Book: Sleep Has No Master
Author: Jon Konrath
Type of Book: Fiction, themed short story collection, lunacy
Why Do I Consider This Book Odd: I don’t even know how to tell you all the ways this book is odd. I am mostly reminded of this Hunter S. Thompson quote:
Weird heroes and mold-breaking champions exist as living proof to those who need it that the tyranny of ‘the rat race’ is not yet final.
Availability: Published by Paragraph Line Books in 2012, you can get a copy here:
Comments: This book gave me the fear. Like I was going to go full Gonzo-paranoid and end up locking myself in the backyard shed with a gallon of whiskey and a loaded gun. As I read parts of the book, I thought, “I wrote this. I wrote this book and I forgot and Konrath sent it to me in some passive aggressive ruse in order to show me he has access to my thoughts and computer and probably even my medicine cabinet.” I read the title chapter out loud to Mr. Oddbooks, who peered at me nervously from his side of the bed, no doubt wondering if I had had (another) psychotic break (there was a… problem when I read a particular Zippy the Pinhead cartoon that referenced the Oscar Meyer Wiener-mobile, but that was years ago).
A quick summary of the book is likely in order: this is a short story collection that tells the tales of a dude who does stuff, sometimes alone, sometimes with his loser friends. Through these dudes, Konrath hits on too many details of my life for this book to be legal. Some of the topics that include details far too specific for my comfort: insomnia, unlikely car customizations, Varg Vikernes, specific conspiracy theories, a complete inability to use eye drops as a child, over-the-counter sleep aids, corpulent Asians friends, microsleep, the bizarre belief that one’s eyelashes are inverting back into one’s eyelid (mine grow sideways, toward my nose, and it’s a problem), spending most of one’s work days searching eBay listings, self-torture via medical sites, Crispin Glover, gg allin, disgust for how badly movies tended to represent computer capabilities in the 80s, the Voynich Manuscript, fear of what diet sodas may be doing to my brain, and so much more. This book is, when I can tamp down the paranoia, deeply funny, verging on hilarious at times, but the paranoia lurks because who really could have so many weird idiosyncrasies in common unless something nefarious is happening?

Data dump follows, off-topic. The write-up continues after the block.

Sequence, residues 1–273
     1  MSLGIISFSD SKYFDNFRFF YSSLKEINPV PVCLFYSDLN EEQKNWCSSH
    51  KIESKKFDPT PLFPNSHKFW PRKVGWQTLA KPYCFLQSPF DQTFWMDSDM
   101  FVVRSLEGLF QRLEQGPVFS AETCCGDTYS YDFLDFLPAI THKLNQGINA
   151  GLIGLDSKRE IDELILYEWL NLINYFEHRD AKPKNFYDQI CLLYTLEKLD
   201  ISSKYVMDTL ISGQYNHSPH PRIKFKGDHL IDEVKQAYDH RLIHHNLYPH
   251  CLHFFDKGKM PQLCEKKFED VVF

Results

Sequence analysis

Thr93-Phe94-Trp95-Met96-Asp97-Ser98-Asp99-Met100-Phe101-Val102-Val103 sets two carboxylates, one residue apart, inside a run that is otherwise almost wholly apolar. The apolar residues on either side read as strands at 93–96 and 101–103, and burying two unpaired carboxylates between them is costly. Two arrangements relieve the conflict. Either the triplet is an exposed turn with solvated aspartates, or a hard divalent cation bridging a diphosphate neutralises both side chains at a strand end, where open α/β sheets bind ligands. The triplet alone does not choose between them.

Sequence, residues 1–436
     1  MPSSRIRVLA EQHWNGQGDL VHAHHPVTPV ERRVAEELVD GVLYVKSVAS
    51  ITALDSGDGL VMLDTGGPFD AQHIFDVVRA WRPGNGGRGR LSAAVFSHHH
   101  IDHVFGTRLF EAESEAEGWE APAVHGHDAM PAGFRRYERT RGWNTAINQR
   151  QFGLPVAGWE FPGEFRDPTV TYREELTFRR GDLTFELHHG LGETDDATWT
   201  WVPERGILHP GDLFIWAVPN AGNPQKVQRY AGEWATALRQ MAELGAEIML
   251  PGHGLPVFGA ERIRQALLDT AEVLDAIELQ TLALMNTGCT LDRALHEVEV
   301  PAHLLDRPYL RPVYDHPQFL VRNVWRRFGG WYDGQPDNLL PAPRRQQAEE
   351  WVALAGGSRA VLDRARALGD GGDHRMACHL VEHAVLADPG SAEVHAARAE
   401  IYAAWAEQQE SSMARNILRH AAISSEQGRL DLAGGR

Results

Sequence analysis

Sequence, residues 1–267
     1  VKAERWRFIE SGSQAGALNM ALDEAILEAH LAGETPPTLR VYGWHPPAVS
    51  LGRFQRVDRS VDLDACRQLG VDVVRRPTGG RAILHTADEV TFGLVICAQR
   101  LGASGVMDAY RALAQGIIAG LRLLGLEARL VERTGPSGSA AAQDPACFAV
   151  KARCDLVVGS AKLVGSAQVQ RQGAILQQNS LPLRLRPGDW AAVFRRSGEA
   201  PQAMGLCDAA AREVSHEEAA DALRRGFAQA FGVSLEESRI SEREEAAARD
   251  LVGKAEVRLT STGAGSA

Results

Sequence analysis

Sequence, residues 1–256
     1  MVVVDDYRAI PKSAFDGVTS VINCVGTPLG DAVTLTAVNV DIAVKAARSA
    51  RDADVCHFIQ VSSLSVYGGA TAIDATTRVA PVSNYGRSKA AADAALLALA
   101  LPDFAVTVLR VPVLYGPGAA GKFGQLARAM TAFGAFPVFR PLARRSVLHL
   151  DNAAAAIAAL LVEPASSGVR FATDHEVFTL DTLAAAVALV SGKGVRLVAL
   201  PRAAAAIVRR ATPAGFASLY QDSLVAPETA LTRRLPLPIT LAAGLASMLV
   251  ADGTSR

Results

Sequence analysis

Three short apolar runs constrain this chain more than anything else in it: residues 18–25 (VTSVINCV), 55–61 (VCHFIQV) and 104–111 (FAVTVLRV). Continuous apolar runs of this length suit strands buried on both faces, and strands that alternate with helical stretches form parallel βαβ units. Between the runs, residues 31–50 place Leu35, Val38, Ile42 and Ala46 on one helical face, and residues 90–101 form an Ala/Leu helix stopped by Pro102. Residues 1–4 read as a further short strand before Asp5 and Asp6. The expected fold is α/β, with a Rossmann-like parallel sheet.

The story “Sleep Has No Master” contains a paragraph that pretty much confirmed for me that Konrath needs to go to jail, the fucker, because I know I wrote this at some point:
I started researching sleep disorders online, the usual death spiral of fanatical WebMD queries, and stumbled upon something called fatal familial insomnia. It’s an incredibly rare four-stage inherited prion disease that starts with progressively-worsening insomnia and panic attacks. Then you dive into a wonderful world of Nixon-esque paranoia and vivid hallucinations. By the third stage, you cannot sleep at all, and your body starts breaking down with rapid weight loss. It all leads up to a crippling dementia, before you finally buy the farm. Barbiturates and induced comas, which you’d think would knock you out, actually speed up the disease. In one famous case, the doctors completely nuked the patient with heavy sedatives, but his brain would not shut down. This is the exact kind of thing you don’t want to read at 3 AM when you’ve been awake for 40 hours straight and you’re trying to find some homeopathic bullshit to turn off your brain for the evening.
Seriously, I am rethinking the microwave brain readers that Gloria Naylor insisted were used to read her thoughts. You know how when your cats freak out and run frantically into the other room, only to stop immediately and then stare, wild-eyed at the wall? I think that’s when Konrath is warming up the brain-microwave.